The only people shocked by today's bad figures are Tories.
I'm sure they will rush out to blame the weather - but even if you strip out cold-weather effects, growth would have been non-existent. This is very serious because the contraction happened in Q4, which is the most important trading period of the year. If we can't grow in Q4, when can we grow?
Ed Balls and others pointed out that if you attack the economy while it is still fragile, you are attacking the private sector, which leads to a drop in growth. Especially as most of the "cuts" the government made so far were cuts to contracts held by the private sector.
It was all compounded by Osborne holding his emergency budget in October, just before the important Christmas trading period, when most businesses make most of their profits. He gleefully frightened voters, telling them that he was going to axe public sector jobs - but didn't say which jobs, so that all 5 million public sector voters shut their wallets tight and stopped spending. Which again impacted the private sector.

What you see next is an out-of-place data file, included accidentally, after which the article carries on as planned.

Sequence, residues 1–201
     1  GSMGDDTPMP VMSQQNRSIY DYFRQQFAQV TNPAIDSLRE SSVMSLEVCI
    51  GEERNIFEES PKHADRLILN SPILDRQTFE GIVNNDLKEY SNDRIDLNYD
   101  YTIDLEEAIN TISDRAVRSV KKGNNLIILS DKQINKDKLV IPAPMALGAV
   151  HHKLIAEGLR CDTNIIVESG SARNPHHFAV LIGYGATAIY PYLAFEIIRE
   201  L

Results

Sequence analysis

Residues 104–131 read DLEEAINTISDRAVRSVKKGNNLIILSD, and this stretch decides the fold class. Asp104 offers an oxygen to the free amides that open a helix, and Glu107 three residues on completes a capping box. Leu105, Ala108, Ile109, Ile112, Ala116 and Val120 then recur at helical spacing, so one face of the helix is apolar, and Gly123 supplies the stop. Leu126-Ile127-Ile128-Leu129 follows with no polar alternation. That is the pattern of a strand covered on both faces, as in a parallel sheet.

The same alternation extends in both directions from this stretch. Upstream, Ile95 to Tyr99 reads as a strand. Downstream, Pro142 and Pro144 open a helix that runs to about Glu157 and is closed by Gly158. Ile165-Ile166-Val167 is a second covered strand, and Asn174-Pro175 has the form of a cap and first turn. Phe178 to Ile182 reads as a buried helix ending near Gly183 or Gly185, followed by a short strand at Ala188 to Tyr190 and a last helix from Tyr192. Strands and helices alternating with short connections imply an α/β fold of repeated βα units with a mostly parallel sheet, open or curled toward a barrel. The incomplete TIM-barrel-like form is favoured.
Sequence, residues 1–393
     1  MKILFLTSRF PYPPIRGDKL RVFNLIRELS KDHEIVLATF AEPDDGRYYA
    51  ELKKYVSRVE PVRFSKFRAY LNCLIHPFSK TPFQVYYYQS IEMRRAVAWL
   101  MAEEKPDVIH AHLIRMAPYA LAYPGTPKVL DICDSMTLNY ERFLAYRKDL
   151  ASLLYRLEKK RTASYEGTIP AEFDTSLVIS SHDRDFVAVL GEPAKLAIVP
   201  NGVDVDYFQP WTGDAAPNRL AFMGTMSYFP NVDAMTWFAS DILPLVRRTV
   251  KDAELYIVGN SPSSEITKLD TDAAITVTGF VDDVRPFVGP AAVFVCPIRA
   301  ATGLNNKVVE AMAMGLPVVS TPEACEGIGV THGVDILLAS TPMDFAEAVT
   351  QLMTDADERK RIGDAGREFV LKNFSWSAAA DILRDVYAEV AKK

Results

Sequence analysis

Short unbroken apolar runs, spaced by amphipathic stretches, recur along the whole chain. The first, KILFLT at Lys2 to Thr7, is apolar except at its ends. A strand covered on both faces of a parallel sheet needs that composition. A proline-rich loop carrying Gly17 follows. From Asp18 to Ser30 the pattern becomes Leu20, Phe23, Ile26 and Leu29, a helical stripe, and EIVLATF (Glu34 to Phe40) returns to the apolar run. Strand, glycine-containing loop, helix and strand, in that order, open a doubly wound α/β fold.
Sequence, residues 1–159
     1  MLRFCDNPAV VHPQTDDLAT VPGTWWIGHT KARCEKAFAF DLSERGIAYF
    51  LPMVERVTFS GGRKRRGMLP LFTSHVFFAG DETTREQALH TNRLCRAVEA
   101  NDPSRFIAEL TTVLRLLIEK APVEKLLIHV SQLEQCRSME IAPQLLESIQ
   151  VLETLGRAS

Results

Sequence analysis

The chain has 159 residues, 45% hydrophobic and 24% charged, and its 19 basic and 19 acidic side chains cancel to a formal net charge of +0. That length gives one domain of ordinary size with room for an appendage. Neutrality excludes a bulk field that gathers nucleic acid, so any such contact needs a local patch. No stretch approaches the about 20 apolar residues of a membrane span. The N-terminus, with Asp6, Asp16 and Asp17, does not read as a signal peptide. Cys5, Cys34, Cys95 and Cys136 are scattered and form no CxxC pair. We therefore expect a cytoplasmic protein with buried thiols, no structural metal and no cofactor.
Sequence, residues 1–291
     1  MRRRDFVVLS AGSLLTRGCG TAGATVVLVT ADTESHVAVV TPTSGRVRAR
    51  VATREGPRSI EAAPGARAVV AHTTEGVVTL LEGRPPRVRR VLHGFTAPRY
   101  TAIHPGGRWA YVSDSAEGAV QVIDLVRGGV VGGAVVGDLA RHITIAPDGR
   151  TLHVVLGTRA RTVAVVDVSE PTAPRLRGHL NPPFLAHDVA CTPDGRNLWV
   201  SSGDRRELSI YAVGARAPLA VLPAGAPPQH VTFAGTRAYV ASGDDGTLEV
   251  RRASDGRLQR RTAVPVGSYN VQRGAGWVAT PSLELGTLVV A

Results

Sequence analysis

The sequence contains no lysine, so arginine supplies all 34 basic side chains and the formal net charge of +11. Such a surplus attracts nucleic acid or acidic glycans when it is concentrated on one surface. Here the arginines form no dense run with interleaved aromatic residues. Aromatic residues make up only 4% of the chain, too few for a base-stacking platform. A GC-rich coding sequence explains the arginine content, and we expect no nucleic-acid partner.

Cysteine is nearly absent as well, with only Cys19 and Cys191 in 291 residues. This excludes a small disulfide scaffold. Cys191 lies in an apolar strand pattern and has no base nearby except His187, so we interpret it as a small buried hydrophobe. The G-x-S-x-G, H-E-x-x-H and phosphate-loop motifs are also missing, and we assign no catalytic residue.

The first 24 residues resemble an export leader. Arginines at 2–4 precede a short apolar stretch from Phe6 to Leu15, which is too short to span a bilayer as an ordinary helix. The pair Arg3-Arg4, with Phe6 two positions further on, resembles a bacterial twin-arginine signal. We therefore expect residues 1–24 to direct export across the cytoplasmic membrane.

Osborne can't seem to grasp that economies run on confidence. People don't spend unless they feel confident about their jobs. It's fear that holds economies back, not fiscal policy. And if you frighten the economy into contracting, you end up with a bigger deficit as tax receipts shrivel - ask Ireland, who were running a budget surplus in 2007 and might have ridden out the financial crisis if they hadn't decided to take an axe to their economy at the same time.
What's just happened is a vote of no confidence in Osborne by consumers.